Archontophoenix cunninghamiana

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Bangalow palm
Bangalow Palm Middle Brother March95.jpg
Bangalow palm at Middle Brother National Park, Australia
Scientific classification edit
Kingdom: Plantae
Clade: Tracheophytes
Clade: Angiosperms
Clade: Monocots
Clade: Commelinids
Order: Arecales
Family: Arecaceae
Genus: Archontophoenix
A. cunninghamiana
Binomial name
Archontophoenix cunninghamiana
(H.Wendl.) H.Wendl. & Drude
Fruit of the Bangalow palm
Trunk with nameplate in Mildred E. Mathias Botanical Garden, Los Angeles, California

Archontophoenix cunninghamiana (Bangalow palm, king palm, Illawara palm, piccabben, piccabeen) is an Australian palm. It can grow over 20 m tall.[1] Its flower colour is violet and the red fruits are attractive to birds. It flowers in midsummer and has evergreen foliage.

The piccabeen palm grows in the wet subtropics on the sides of Mt Warning Volcano in northern NSW and over the border in Queensland's Lamington National Park, for example. It seeks a stable water supply so ravines and grottos are well populated. Its fronds do not create a nesting environment for insects or macrofauna like rodents, so are a tolerable tree for urban environments. They arrived in Australia from the landbridge created 45,000 years ago due to the receding ocean levels during the last glacial period, but the probable 'native' environment in prehistory was Indonesia.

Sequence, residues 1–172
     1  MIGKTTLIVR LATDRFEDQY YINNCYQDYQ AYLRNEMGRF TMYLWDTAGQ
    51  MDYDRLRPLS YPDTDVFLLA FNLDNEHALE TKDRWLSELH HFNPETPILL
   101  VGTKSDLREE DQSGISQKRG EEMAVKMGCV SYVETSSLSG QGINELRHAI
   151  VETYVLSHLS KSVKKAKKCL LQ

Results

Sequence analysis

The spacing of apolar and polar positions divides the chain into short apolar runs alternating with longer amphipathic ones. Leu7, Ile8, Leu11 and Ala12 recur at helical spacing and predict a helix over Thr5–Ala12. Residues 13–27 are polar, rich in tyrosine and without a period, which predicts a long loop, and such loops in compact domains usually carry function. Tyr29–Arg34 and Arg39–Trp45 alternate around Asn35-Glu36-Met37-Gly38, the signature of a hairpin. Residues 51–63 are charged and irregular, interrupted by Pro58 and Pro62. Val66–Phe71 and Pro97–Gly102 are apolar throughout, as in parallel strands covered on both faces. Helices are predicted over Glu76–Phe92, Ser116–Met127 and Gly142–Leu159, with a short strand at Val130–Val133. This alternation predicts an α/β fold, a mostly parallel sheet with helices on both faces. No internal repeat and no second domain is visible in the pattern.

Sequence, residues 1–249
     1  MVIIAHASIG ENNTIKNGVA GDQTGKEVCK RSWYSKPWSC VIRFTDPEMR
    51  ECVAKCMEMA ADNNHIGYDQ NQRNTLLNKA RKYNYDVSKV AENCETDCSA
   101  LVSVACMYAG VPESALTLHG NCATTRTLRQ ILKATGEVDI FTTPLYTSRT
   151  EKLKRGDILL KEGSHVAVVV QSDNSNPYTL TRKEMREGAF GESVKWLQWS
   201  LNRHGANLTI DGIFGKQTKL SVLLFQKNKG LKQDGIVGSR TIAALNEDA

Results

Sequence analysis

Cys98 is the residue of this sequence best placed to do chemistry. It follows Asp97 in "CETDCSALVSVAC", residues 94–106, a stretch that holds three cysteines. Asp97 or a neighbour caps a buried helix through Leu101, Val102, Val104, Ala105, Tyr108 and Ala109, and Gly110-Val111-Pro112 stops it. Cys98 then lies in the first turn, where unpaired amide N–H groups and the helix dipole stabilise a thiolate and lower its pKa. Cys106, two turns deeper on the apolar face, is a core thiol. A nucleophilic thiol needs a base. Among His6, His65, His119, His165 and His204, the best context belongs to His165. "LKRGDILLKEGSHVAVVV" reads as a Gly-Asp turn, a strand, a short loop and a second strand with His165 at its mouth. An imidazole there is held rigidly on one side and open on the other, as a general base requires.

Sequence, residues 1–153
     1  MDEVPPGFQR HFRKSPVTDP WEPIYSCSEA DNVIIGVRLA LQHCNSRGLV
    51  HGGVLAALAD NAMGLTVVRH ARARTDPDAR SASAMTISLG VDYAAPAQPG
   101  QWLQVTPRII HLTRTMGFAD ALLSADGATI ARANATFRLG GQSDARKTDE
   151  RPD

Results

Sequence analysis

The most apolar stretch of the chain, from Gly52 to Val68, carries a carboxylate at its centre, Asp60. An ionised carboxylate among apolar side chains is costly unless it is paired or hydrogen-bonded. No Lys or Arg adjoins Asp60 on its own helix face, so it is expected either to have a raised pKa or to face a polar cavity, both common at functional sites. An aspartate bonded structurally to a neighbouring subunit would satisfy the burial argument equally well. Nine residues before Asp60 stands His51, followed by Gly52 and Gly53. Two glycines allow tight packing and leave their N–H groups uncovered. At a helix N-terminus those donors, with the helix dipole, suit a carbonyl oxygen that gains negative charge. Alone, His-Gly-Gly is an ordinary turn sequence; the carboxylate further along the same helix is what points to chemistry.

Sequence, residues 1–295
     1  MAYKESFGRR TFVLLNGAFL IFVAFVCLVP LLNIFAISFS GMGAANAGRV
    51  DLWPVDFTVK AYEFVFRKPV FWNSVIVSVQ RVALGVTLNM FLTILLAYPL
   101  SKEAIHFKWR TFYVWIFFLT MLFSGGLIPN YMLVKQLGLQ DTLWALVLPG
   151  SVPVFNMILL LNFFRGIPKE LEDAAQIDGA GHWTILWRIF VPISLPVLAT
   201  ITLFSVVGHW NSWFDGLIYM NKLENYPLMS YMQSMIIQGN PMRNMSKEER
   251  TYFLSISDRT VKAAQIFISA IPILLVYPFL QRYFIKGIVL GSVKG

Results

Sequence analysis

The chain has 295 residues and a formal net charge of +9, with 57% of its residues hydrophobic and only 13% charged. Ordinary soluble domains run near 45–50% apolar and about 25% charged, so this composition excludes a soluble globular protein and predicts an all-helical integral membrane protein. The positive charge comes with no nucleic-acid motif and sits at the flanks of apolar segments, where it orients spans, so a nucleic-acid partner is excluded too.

It has become a noxious weed in many areas where it has been used as an ornamental plant. In southern Brazil, it has become an invasive species, profiting from the local extinction of the endangered native palm Euterpe edulis.[2] In New Zealand, A. cunninghamiana could invade native forests, since it has the same ecological requirements as the native nikau palm. The Auckland Regional Council has included A. cunninghamiana on a list of plants requiring further research on their potential to adversely affect the environment.[3]

In the United States, the palm is commonly cultivated in California from San Luis Obispo south to the Mexican border and in much of central and southern Florida.


  1. ^ Brooks, A. K. (1993). "Archontophoenix cunninghamiana – New South Wales Flora Online". PlantNET - The Plant Information Network System. 2.0. Sydney, Australia: The Royal Botanic Gardens and Domain Trust. Retrieved 9 March 2013.
  2. ^ Frisch & Frisch (2005), page 354, Christianini (2006)
  3. ^ ARC Research Programme

Christiani, Alexander V. - "Fecundity, dispersal, and predation of seeds of Archontophoenix cunninghamiana H. Wendl & Drude, an invasive palm in the Atlantic Forest". Revista Brasileira de Botânica, V.29, no.4, October/December 2006 Portuguese & English abstracts.

Frisch, J.D. & Frisch, C.D. - Aves Brasileiras e plantas que as atraem [Brazilian birds and plants which attract them]: 2005, São Paulo, Dalgas Ecotec, ISBN 85-85015-07-1